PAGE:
While it’s a fact that plants need regular watering, the question is this: is there a best time of day to water indoor plants?.
Many beginner houseplant growers are often aware of the overwatering and underwatering risks. However, they fail to factor in the right timing for efficient watering.
The truth is that the time of the day has a big impact when it comes to watering your plants. This will dictate how well your plants can absorb the moisture and use it to withstand intense heat.
For this, we talked to several plantsmen and anthophiles to finally settle the debate. So if you’re a beginner gardener, you should read on for added information that could help your plants thrive more.
Best time of day to water indoor plants
The best time of day to water indoor plants is in the morning. It’s like giving breakfast to your plants, so they will be prepared for the day.
Moreover, the morning schedule is the general consensus, especially during the summer months. You’d want to water your plants before the heat of the day peaks. The cooler temperature in the morning won’t cause the water to evaporate fast, giving the roots the chance to absorb it well.
Aside from that, you should give extra attention to plants that are located in southern-facing locations. These plants receive more direct sunlight, thus more heat. It may need more water to keep it moisturized even after the heat of the day peaks.
Nevertheless, the timing often becomes less important as the summer season eases. Since there are no major temperature changes during the day, watering doesn’t have to be as religious as how you do it during summer.
While the schedule of watering becomes less stringent, one thing you have to watch out for is the amount and frequency of watering. During the winter months, you need to scale back on watering since many plants become dormant and may become prone to frost if watered too much.
Consistency is the key
Watering every morning is a good practice since it forms a habit of consistency among plant growers. By adding it to your morning to-do list, watering your plants won’t be forgotten as you go by your day.
Plants thrive with consistency, so watering and checking it at the same time every day will surely help them thrive even more.
Still, it’s not just a black and white concept of pouring water into the pot every day. You also have to check the soil and how moist it still is.
You have to be careful in leaving your potted plants’ soil moist at nighttime. It’s because soil that remains moist up until the next sunrise can become a harborage of pests.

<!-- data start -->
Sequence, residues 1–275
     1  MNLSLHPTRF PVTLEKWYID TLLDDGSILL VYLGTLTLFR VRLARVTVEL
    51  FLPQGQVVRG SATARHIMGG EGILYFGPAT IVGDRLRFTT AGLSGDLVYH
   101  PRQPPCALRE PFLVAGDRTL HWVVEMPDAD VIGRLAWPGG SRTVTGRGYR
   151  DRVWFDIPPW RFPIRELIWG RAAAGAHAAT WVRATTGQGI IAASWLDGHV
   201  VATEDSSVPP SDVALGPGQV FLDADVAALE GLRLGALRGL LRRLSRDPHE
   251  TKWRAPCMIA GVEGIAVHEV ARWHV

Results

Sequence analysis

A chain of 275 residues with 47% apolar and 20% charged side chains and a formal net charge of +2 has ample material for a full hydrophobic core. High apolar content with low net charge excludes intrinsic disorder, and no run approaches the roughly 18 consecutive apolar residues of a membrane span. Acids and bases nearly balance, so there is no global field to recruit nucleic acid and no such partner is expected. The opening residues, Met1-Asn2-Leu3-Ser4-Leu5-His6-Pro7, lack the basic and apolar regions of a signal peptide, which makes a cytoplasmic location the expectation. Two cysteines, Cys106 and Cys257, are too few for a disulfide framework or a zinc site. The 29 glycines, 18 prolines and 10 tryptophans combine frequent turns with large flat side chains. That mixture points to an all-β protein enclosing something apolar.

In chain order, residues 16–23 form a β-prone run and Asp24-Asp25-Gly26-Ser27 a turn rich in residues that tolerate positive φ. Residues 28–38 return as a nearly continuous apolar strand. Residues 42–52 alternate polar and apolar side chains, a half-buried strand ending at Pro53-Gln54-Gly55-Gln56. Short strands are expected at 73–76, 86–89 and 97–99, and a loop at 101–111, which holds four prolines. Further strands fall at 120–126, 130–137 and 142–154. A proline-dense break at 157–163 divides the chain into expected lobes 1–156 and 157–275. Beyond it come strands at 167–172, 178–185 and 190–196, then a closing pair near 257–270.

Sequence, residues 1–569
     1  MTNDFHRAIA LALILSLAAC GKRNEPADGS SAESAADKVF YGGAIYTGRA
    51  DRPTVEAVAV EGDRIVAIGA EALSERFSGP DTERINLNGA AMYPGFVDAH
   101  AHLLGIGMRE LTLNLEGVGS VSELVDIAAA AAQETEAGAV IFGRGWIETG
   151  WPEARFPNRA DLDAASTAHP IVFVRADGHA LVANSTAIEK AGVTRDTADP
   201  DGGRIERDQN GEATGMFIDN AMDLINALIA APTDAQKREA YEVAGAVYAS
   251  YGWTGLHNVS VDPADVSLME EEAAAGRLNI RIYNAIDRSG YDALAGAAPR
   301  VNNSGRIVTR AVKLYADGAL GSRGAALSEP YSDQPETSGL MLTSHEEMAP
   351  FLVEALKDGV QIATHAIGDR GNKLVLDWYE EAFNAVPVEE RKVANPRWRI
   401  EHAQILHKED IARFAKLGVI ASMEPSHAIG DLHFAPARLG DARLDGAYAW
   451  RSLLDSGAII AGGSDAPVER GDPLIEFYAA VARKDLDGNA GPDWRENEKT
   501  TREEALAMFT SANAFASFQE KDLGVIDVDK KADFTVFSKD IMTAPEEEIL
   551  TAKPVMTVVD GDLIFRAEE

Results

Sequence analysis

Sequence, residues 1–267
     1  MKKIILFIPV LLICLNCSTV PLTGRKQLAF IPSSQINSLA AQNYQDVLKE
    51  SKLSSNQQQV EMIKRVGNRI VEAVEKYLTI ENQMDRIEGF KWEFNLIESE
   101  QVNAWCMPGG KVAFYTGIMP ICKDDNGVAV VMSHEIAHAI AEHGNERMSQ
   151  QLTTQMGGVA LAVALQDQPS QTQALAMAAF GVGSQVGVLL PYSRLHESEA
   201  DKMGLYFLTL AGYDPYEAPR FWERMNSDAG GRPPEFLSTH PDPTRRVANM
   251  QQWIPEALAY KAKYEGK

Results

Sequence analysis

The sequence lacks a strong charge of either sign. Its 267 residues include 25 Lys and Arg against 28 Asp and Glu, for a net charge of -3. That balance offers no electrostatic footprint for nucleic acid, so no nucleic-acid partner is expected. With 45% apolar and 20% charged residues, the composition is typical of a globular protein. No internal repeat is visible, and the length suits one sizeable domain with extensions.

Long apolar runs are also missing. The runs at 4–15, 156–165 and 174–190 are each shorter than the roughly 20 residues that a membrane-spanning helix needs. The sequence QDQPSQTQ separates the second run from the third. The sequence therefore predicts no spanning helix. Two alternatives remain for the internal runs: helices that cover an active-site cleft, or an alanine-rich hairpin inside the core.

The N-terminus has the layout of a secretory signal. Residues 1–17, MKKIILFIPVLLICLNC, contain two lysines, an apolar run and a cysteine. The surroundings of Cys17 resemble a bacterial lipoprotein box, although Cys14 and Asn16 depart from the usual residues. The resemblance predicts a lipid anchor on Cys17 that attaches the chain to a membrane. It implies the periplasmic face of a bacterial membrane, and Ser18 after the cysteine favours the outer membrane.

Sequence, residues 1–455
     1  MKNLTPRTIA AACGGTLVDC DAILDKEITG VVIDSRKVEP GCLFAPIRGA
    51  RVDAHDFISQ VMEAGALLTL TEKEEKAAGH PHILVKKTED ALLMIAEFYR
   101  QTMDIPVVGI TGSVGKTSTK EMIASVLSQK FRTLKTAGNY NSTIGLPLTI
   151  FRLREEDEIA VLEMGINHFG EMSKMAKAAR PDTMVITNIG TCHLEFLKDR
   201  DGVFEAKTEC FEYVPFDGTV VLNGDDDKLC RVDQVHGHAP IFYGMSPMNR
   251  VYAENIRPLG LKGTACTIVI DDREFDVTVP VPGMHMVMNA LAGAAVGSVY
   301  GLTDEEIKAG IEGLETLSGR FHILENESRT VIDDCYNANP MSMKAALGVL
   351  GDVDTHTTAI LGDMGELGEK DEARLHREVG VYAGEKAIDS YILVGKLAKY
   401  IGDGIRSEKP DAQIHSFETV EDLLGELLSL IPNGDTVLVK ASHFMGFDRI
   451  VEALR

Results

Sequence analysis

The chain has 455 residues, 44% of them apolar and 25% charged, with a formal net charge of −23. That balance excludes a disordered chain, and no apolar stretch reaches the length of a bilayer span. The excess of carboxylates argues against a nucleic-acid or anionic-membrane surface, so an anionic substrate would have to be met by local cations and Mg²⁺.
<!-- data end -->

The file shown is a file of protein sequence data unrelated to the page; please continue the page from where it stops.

Some of these moisture-loving insect pests are springtails, termites, and earwigs. You should keep an eye on these critters as their presence is a sign of watering problems on your plants.
Misting in the evening
While most potted plants thrive in morning watering, air plants prefer misting more often. Misting can be done both in the morning and evening as much as possible.
In the morning, the mist will give the air plant its much-needed moisture for the day. This is much so during the summer season when intense heat draws out a lot of moisture from the air.
Meanwhile, evening misting will provide air plants with just the right amount of humidity to prevent dryness. This is very helpful in hot months when the evening temperature remains high.
Overall, misting is a great way to avoid overwatering in plants. Even non-air plants still need misting, especially if it’s just starting to sprout new growth. The goal is to keep humidity at around 40% for tropical and subtropical native plants.
Green thumb hacks for efficient houseplant watering
Watering your plants can be a tricky task, especially for species that are quite sensitive to the amount of moisture it receives. To help you out, here are some green thumb hacks that you should keep in mind the next time you reach for the watering can:
1. Choose an optimal pot
Indoor plants need pots with drain holes as well as a size that matches their growth. You should also get a matching saucer to catch the draining water from the soil.
Take note that keeping houseplants in the container as you bought them will hinder their growth. Remember that these grower pots are only intended for short-term use. With that, make sure that you transfer your newly purchased houseplants into a new pot, so it will absorb and drain moisture properly.
2. Know what your plant needs
Next, you should know how much water your plant needs. Like humans, each plant species have specific needs, especially when it comes to moisture intake.
For example, succulents aren’t supposed to be watered every single day. Meanwhile, tropical plants like calatheas must be kept in moist soil.
Understanding your plants’ needs isn’t just about water. You should also study how much sunlight it requires, what plant food you need to get, and what condition it will thrive best.
3. Remove any excess water
After watering, wait until all the excess moisture has dripped into the pot saucer. Make sure that you dump it to prevent soaking your plant on it.
While plants need water, they don’t like their roots being soaked in moisture all day long. Imagine wearing wet socks all day, it’s super uncomfortable, right?
Waiting for a few minutes for the water to drain out will save you more time later on. It will take more effort to revive an overwatered plant compared to emptying a drain saucer.
4. Water the soil, not the leaves
Remember that the water should always be directed to the roots and not the leaves. Giving your plants a ‘bath’ by dousing their leaves with water is both wasteful and a guaranteed way to trigger health issues in your foliage.
Excess moisture sitting on the plant’s leaves can harbor bacterial, fungal, and other plant infections. This can cause deformities, discoloration, rotting, poor blooms, and even the death of the plant itself.